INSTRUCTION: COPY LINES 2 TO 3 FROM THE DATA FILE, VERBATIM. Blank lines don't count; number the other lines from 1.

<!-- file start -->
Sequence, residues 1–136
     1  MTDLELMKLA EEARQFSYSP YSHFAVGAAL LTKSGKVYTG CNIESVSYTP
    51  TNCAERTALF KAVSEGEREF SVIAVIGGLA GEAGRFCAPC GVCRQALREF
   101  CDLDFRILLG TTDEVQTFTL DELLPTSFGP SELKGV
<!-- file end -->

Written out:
     1  MTDLELMKLA EEARQFSYSP YSHFAVGAAL LTKSGKVYTG CNIESVSYTP
    51  TNCAERTALF KAVSEGEREF SVIAVIGGLA GEAGRFCAPC GVCRQALREF